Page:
Some of the most beautiful remote properties come hand in hand with distinctly rural access. Buyers’ immediate thoughts may involve what kind of vehicle will be required to deal with rough terrain, especially in winter months. But Clare Coode of Stacks Property Search advises buyers to look carefully into the detail surrounding access roads that aren’t owned by the property or by the council.
She says, “Access tracks to remote rural properties, especially farmhouses, are often owned by another party, often a local farmer. The property will almost certainly have a right of way over the track, but checking this vital fact in itself shouldn’t be where your investigations start and end.
“Questions you should take up at an early stage with the vendor or agent, and through your solicitor include:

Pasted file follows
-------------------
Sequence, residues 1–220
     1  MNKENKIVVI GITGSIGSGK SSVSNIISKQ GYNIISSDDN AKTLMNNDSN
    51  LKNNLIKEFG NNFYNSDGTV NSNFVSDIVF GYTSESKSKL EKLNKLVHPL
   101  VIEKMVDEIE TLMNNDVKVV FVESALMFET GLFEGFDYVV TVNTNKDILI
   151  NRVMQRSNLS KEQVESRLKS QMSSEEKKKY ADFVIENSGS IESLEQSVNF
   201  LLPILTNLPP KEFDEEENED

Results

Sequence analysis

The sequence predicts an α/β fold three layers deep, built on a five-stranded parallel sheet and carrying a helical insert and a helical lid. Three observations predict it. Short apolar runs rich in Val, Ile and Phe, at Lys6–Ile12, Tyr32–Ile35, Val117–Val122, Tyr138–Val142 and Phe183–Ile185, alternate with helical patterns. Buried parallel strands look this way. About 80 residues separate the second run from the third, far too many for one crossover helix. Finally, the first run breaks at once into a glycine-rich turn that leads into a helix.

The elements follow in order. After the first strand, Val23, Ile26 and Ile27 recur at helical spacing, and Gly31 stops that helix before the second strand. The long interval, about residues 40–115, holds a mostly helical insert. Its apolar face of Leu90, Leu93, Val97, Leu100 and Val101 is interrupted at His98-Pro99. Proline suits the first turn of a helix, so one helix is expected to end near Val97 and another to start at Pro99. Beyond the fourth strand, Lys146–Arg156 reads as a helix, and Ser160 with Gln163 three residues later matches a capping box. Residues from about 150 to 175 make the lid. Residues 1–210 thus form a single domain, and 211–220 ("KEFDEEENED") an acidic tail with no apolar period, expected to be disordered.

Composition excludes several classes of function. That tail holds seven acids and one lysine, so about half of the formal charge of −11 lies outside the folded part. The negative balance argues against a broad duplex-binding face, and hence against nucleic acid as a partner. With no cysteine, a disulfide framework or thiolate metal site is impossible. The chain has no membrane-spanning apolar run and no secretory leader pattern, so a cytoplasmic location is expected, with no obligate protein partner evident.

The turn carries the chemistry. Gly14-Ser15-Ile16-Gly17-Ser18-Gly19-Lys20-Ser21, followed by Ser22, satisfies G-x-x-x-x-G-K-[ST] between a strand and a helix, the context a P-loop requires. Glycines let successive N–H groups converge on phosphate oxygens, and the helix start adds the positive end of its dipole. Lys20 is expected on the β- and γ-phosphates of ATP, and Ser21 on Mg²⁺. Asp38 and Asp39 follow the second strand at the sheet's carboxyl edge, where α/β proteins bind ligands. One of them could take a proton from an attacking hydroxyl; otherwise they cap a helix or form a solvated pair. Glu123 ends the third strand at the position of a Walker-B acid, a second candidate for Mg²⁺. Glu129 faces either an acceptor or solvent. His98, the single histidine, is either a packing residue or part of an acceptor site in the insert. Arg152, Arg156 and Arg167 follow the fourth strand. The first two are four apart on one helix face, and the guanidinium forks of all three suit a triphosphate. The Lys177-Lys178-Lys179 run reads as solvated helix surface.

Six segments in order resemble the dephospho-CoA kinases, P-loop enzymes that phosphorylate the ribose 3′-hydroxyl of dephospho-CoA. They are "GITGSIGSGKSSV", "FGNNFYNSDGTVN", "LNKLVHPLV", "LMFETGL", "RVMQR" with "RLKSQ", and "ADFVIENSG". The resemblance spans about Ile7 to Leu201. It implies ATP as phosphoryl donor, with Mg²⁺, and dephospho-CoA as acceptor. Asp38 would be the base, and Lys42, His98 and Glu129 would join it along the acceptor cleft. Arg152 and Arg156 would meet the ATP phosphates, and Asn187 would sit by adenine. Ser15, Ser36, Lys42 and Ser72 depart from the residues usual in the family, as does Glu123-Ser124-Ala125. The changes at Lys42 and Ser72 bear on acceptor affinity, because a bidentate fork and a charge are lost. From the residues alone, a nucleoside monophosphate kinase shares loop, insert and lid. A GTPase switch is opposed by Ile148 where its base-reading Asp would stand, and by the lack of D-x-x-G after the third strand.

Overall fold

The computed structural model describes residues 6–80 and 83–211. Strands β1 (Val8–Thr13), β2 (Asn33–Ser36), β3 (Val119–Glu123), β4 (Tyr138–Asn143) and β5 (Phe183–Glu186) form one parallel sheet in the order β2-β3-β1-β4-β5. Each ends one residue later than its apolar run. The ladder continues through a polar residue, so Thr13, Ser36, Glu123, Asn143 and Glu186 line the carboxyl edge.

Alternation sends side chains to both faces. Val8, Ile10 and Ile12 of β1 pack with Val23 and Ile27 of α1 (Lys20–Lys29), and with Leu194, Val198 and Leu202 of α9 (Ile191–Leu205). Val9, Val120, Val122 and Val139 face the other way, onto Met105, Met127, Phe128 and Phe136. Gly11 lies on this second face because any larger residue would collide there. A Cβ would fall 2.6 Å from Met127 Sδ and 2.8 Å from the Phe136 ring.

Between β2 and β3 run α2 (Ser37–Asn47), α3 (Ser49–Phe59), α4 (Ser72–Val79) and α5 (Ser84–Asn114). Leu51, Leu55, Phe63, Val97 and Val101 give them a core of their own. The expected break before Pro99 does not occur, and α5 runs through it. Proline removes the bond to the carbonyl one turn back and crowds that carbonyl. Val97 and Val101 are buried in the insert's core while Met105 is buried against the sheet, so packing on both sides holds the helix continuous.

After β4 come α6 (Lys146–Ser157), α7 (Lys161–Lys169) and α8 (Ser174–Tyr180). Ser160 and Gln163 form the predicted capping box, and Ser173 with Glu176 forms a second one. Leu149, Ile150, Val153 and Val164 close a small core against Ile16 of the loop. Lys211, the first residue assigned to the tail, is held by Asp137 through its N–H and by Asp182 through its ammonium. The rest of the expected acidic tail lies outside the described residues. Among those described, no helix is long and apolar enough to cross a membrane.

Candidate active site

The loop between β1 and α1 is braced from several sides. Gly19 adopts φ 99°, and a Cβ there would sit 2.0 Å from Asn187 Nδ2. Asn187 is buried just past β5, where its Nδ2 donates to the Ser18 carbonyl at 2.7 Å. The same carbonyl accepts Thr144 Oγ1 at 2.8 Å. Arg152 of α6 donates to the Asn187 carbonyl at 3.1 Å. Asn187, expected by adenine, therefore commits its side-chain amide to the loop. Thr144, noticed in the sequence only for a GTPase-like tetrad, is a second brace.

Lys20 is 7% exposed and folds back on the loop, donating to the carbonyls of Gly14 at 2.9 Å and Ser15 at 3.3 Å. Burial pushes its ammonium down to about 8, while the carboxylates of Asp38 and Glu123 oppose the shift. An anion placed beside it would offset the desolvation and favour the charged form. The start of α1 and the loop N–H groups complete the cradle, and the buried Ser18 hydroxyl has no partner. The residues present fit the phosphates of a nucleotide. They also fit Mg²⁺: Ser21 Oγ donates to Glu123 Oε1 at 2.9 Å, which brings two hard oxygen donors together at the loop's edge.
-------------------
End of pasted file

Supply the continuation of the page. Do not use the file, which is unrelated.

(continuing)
- Who owns the access?
- Who is responsible for its maintenance?
- In what kind of document is this formalised?
- Is the owner entitled to block the track at any time or for any reason, for example can he put gates across it?
- Will future buyers be able to get a mortgage on the property if there is only a right of way over the track and no onus on the farmer to repair?
“The first thing to do is to examine the title deeds/land registry of both the subject property and the track. This may give some clues as to rights and obligations.
“In the majority of cases, the buyer will find the property owner has a right of way. If it has been formalised in a deed, it will say something like the “right to pass and repass at all times on foot, with cattle or a vehicle”. One would hope there is an obligation on the owner of the track not to obstruct it but often in rural areas neither this right nor obligation will be written down. In which case you will be relying on goodwill.
“A further problem is that even if the owner of the track is required to maintain the track, there may be some significant difference in both parties’ idea of what a well-maintained track looks like.”